Somalilandsun – In his third series of articles under the Title “Another Tale” Prof Abdisalam Yassin the author of the “Without our Knowledge” pen’s an interesting Norse folk tale that relates how the tip of the fox’s tale has become white. Enjoy reading it.
Another Tale: The Tail of the Fox
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Once upon a time there was an old woman who had many cows and many sheep. However, she was not happy. She was old and alone. At the same time, she had to look after her cows and sheep and do all the house work. One day she decided to look for a herdsman who could help her to tend the animals.
“I must have a herdsman to look after my cows and my sheep,” she thought and went out to look for a herdsman. She looked first in the fields and then in the forest, but nowhere could she find a herdsman. As she was walking down the path to her home, she met a bear.
“Where are you going, old lady?” asked the bear.
“I am looking for a herdsman to look after my cows and my sheep,” she answered.
“Will you have me?”
“Yes, if you know how to call my animals gently.”
“Ugh, ugh,” called the bear. He tried to call softly, but he had always growled before and he could do nothing but growl now.
“No, no,” said the old woman, “your voice is too loud. Every cow in the field would run, and every sheep will hide, if you growl like that. I will not have you.”
Then the old woman continued her search till she met a wolf.
“Where are you going, grandmother?” Asked the wolf.
“I am looking for a herdsman to look after my cows and my sheep,” answered the old woman.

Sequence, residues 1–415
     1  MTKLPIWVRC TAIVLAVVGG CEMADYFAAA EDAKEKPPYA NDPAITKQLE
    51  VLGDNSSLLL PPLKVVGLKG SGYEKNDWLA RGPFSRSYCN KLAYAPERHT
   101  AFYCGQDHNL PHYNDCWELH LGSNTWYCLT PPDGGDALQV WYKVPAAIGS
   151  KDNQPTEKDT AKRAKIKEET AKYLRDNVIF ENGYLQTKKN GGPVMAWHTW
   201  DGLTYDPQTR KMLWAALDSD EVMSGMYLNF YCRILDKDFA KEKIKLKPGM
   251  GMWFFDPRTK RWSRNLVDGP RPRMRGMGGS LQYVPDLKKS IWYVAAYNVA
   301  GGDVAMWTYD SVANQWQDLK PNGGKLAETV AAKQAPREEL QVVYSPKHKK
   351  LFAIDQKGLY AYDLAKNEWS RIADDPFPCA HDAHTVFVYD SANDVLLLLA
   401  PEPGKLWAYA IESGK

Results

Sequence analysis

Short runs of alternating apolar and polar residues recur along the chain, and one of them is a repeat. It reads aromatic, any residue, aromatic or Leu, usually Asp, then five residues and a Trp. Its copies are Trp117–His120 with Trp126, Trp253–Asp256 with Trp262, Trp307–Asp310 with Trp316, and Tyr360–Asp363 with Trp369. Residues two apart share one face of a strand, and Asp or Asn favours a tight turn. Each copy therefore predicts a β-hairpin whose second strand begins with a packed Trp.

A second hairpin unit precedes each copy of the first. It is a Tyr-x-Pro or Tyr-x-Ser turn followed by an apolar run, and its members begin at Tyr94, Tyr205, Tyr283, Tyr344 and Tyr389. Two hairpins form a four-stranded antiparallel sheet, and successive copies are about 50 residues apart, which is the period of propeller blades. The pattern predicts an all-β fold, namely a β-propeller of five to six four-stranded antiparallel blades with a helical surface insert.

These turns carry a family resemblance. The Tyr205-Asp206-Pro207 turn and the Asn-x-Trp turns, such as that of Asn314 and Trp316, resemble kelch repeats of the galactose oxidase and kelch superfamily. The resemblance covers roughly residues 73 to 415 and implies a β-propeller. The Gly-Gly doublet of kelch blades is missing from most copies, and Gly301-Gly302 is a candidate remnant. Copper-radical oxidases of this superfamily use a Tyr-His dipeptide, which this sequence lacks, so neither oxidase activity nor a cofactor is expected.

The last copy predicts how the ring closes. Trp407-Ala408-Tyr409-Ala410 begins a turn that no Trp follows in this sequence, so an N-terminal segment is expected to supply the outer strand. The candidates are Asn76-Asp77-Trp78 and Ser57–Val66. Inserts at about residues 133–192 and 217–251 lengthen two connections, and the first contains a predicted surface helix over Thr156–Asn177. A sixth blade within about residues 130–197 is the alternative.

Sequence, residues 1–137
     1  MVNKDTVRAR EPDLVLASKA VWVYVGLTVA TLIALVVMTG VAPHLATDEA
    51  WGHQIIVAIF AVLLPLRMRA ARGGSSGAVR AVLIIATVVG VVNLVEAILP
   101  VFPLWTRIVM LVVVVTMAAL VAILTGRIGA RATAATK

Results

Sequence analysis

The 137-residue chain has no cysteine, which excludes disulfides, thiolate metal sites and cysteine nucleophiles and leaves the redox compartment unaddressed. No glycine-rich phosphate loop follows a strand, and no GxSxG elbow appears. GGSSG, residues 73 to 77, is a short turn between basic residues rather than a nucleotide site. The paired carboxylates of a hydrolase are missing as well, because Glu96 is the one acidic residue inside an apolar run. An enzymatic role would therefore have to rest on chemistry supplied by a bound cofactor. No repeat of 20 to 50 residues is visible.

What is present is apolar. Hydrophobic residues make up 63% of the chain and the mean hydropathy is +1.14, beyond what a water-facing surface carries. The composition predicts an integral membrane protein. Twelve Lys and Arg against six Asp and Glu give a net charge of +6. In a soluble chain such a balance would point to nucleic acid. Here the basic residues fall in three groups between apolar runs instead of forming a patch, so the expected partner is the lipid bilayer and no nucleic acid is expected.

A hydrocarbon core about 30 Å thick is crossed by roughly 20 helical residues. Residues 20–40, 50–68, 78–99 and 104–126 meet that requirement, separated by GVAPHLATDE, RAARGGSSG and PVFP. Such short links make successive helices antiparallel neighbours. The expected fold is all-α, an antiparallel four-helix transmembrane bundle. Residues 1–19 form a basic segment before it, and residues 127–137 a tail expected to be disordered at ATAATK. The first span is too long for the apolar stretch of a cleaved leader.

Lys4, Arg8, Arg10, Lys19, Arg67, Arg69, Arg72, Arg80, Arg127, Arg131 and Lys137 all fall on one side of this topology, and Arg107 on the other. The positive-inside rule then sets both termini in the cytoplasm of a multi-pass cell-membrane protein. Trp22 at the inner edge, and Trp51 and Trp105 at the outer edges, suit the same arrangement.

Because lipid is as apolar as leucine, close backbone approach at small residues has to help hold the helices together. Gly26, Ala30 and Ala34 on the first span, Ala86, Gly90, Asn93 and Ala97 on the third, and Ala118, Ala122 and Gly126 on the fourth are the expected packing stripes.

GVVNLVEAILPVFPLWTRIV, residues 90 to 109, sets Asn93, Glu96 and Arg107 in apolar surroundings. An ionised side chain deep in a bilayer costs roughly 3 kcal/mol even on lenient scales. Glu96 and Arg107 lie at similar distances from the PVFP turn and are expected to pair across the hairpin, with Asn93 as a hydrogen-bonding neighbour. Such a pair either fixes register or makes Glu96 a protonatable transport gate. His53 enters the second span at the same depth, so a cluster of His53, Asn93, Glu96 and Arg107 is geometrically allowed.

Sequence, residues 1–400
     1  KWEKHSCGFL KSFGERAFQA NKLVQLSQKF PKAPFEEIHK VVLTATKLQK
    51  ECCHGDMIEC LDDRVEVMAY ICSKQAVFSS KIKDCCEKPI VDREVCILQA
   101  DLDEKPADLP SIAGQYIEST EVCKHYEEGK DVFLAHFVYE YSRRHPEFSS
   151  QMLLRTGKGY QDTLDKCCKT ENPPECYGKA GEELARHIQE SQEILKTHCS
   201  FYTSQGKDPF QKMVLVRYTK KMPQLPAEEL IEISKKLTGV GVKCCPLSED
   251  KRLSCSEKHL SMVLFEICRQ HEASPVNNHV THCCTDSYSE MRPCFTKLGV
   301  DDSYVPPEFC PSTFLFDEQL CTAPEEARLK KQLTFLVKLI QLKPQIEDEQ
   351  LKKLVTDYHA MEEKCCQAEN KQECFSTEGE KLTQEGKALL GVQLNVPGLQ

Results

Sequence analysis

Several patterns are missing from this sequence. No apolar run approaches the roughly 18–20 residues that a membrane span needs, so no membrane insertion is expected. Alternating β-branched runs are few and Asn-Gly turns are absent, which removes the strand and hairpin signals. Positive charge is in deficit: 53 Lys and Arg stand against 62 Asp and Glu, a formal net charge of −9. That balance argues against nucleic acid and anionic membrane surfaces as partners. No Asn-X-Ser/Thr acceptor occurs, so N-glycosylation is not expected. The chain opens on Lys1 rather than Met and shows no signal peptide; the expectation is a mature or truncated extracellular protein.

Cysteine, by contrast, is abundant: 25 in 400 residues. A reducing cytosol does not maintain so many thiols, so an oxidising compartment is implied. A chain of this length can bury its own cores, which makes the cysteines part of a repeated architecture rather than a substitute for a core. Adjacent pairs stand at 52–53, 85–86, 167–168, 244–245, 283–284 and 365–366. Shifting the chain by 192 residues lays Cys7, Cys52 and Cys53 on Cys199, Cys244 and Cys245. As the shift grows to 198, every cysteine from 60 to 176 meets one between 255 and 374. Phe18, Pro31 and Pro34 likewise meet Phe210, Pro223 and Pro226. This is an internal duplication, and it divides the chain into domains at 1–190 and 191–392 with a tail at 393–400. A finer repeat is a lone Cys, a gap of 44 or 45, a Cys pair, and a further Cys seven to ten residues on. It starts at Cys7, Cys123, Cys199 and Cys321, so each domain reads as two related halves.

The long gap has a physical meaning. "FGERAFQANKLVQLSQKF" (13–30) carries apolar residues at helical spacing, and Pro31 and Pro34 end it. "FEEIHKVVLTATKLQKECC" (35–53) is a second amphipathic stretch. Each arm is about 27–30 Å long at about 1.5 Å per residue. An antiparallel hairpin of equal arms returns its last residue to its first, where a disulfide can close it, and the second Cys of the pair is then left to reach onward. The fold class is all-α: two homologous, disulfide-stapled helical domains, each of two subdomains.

“Will you have me?” asked the wolf.
“Yes,” she said, “if you know how to call my animals gently.”
“Ho-y, ho-y,” called the wolf.
“Your voice is too high,” said the old woman. “My cows and my sheep will tremble whenever they hear it. I will not have you.”
Then she continued her search till she met a fox.
“I am so glad to meet you gentle lady,” said the fox. “Where are you going this bright morning?”
“I am going home now,” she said, “for I cannot find a herdsman to look after my cows and my sheep. The bear growls and the wolf shrills. I do not know what I can do, for I am old and alone and I cannot herd my animals and do all the house work.”
“Oh, no,” said the cunning fox, “you are not old, but any one as beautiful as you must not watch sheep in the fields. I shall be very glad to do the work for you if you will let me.”
“I know that my sheep will like you,” said the old lady.
“And I know that I shall like them, too,” said the fox.
“Can you call them gently, Mr. Fox?” she asked.
“Del-dal-halow, del-dal-halow,” called the fox, in so gentle a voice that it was like music.
“That is good, Mr. Fox,” said the old woman. “Come home with me, and I will take you to the fields where my animals go.”
Each night, when the fox came home, one of the sheep or one of the cows was missing.
“Mr. Fox, where is my cow, or where is my sheep?” The old woman would ask.
The fox would answer with a sorrowful look, “The bear came out of the woods, and he ate it,” or, “The wolf slyly came through the fields and took it away.”
The old woman was sorry to lose her sheep and her cows, but she thought, “Mr. Fox must be even sadder than I. I will go out to the field and carry him a drink of cream.”
She went to the field, and there stood the fox with the body of a sheep. The old woman immediately realized that it was the fox that had killed and ate every one of her cows and sheep.
When the fox saw the old woman coming, he started to run away.
“You cruel, cunning fox!” she cried.
She had nothing to throw at him but the cream, so she threw it. The cream struck the tip of his tail. “Ohoo!” the cunning fox laughed and said to himself, “Now, I have some cream on the tip of my tale to eat.” So, he twisted around and tried to lick the cream, but it stuck fast and could not come off. And from that day till now, the tip of the fox’s tail is as white as cream.
Earlier series of Another Tale